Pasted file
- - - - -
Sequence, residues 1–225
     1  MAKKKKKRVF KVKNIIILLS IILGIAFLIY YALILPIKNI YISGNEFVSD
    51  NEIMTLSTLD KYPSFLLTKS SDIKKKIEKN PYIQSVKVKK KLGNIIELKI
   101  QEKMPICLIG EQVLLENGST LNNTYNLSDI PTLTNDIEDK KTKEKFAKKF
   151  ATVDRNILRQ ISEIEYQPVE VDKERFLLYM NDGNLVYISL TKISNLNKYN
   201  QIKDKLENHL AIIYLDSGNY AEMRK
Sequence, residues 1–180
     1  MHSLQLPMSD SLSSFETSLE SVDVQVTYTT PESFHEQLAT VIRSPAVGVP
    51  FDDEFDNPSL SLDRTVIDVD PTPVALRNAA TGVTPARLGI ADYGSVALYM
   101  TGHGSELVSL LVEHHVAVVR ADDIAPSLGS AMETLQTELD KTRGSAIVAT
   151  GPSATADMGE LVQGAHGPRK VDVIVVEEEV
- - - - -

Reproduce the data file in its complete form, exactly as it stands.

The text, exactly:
Sequence, residues 1–225
     1  MAKKKKKRVF KVKNIIILLS IILGIAFLIY YALILPIKNI YISGNEFVSD
    51  NEIMTLSTLD KYPSFLLTKS SDIKKKIEKN PYIQSVKVKK KLGNIIELKI
   101  QEKMPICLIG EQVLLENGST LNNTYNLSDI PTLTNDIEDK KTKEKFAKKF
   151  ATVDRNILRQ ISEIEYQPVE VDKERFLLYM NDGNLVYISL TKISNLNKYN
   201  QIKDKLENHL AIIYLDSGNY AEMRK
Sequence, residues 1–180
     1  MHSLQLPMSD SLSSFETSLE SVDVQVTYTT PESFHEQLAT VIRSPAVGVP
    51  FDDEFDNPSL SLDRTVIDVD PTPVALRNAA TGVTPARLGI ADYGSVALYM
   101  TGHGSELVSL LVEHHVAVVR ADDIAPSLGS AMETLQTELD KTRGSAIVAT
   151  GPSATADMGE LVQGAHGPRK VDVIVVEEEV